May 28, 2009

Remember being afraid of movie theaters? My kids don't like them. I remember that feeling.

I was standing upstairs in the stacks of the library beside the railroad tracks, last week, when a train rattled by. Gently, barely, it shook the whole building and it lasted a good long while. Maybe a minute or two? I stood there staring at the books. I heard the train. I felt the building shudder ever so slightly. And all the books I could see tilted at once. I shook my head against the feeling of the shaking floor and mentally righted the books. Then they tilted again. It was a dance: tremble, tilt, shake, tremble, tilt, shake until the train was gone and my vertigo passed. It left me weak kneed and a bit pale, but fine.

I was at the epicenter of the '89 earthquake in California. And this Shaking Building Vertigo is a hang over. I don't imagine it will ever go away. But that's ok. I have quirky scars. And I have a pretty firm handle on my fears at this point in my life. But I remember how chaos felt as a child, and the fear it inspired. I saw chaos in movie theaters, deep ends, long piers, formal rooms, auditoriums, and grim adults. I was afraid of all of them. Rightly so, for the most part. And I am finally learning --finally learning-- not to push my kids through their fears too fast. They are little, they are probably rightly afraid, and achingly soon they will be big.

In the mean time, poetry is an excellent tool for working with fear. The children enrolled at the Gault School in Santa Cruz were encouraged to write poetry about their fear after the '89 earth quake. To this day, their sweet dear true little voices still move me. Here are some of my favorites. It is really hard to pick a few. I'd like to retype every one of them:

During the earthquake I felt like the world was against me. No one to turn to. Then I saw the people I love the most, my Mom, my Dad, and sister. I ran and hugged them tight under the doorjamb. I wasn't afraid any more. I was happy to have my family with me! When it was over we ran (fast) outside. It was a good feeling to know my family was with me. It doesn't scare me to hear about other people's problems if I can help. ~Peggy Card grade 3


Outside and in
I feel and look the same.
It hurts to think our family
has been torn.

Our best friends
are our prized
possessions now.

I find myself scared,
then happy.
It is like a story, sad,
then adventure,
and then a happy ending.

It is all behind me now.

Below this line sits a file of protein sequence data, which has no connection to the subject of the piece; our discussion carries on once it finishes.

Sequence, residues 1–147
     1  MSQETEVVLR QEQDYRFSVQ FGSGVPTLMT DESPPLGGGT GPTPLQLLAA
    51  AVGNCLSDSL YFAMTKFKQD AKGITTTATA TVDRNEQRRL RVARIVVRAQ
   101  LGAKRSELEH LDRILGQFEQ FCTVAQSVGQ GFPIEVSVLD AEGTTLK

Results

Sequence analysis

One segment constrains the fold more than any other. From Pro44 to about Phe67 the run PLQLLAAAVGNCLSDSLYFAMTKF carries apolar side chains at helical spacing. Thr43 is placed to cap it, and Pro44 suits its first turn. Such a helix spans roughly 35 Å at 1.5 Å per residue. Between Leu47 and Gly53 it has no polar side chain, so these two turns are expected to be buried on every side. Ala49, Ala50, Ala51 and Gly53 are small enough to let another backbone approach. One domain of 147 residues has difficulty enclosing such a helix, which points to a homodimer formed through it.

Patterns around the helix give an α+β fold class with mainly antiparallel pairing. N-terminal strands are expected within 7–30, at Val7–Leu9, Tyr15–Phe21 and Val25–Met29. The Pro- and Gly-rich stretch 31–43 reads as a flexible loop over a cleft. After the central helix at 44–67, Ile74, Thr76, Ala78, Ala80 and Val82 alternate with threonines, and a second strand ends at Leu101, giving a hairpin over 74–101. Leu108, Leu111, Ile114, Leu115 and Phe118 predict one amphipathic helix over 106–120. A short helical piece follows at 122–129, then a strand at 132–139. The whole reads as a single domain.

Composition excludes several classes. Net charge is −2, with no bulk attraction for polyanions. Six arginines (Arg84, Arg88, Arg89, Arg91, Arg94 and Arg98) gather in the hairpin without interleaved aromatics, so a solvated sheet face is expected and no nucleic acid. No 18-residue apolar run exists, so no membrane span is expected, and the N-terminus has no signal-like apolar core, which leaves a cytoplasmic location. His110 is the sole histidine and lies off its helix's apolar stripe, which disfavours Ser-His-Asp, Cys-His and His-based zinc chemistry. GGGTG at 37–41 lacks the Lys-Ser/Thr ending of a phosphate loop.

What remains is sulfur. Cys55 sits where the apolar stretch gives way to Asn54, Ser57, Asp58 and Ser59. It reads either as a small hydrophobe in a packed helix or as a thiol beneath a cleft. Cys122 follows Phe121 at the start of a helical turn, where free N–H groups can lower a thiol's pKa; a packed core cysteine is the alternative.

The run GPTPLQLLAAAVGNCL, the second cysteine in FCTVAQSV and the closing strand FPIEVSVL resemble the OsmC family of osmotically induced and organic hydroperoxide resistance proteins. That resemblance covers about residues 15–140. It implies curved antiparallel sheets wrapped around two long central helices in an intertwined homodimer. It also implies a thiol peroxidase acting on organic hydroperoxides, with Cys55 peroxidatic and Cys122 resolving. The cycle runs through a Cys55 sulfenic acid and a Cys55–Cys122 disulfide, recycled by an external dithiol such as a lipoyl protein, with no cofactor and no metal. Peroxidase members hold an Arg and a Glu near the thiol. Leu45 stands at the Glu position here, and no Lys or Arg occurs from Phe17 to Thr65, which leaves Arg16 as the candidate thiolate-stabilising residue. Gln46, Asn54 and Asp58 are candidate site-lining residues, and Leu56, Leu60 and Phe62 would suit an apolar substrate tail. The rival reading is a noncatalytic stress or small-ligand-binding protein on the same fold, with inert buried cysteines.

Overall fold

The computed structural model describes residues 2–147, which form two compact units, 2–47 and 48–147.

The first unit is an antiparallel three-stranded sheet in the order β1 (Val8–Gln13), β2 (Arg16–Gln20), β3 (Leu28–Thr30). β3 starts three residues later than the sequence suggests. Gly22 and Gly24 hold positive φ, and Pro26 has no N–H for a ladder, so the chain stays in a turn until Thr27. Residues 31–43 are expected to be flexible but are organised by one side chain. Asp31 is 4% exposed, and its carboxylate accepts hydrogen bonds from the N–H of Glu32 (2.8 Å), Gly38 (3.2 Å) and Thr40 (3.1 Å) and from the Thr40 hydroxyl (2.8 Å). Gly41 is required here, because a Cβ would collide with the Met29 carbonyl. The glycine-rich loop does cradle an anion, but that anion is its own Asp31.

And I'm back to normal,
but sometimes in my dreams,
I still hear the crying of my little brother,
the screams of our best friend
whose mother died.

Then my alarm goes off.
Was it just a dream,
or not, or not, or not? ~David Speidel grade 5


I can pull together
inside of me,
even if people
don't think I can,
I can do it,
I can. ~Crystal Lash grade 3


The Cooper House is dead.
It is flat. They have knocked it down.
They are not making a pavilion of it.
They are going to build again
in one year. I feel sad.
The old Cooper House is the first
favorite place when I was little. ~Jeremy Gibson grade 2

See? Aren't they beautiful? An interesting side note about that quake: My sister was with me in California the day before the quake. We drove into San Fransisco. I said, "Let's cross that bridge over there." My sister refused. It was so weird. She was unmovable. "I will not cross that bridge. It has bad vibes." So we went and got our noses pierced on the docks, instead. Later, back in Santa Cruz for dinner I said, "Hey, I've always wanted to eat at The Cooper House. You are here with me, let's go eat there." She said, "No, I will not eat there. It has bad vibes." Do you see what a freak she is? Can you imagine my indignation? But she would not be swayed. We ate some other place, entirely forgettable, and she flew home the next morning, back to Santa Fe. I went off to work in Santa Cruz and the quake hit. People died, on that bridge and in The Cooper House.

Sometimes, our fears are quite smart.

1 comment:

Anonymous said...

K...I love it when you are profound. It makes me think. You always write about trusting ourselves. And our children. There is ALWAYS a reason isn't there? Like with your sister. Like with our kids. Why don't we trust that voice more? In ourselves? In each other? Respect.
Remember your words.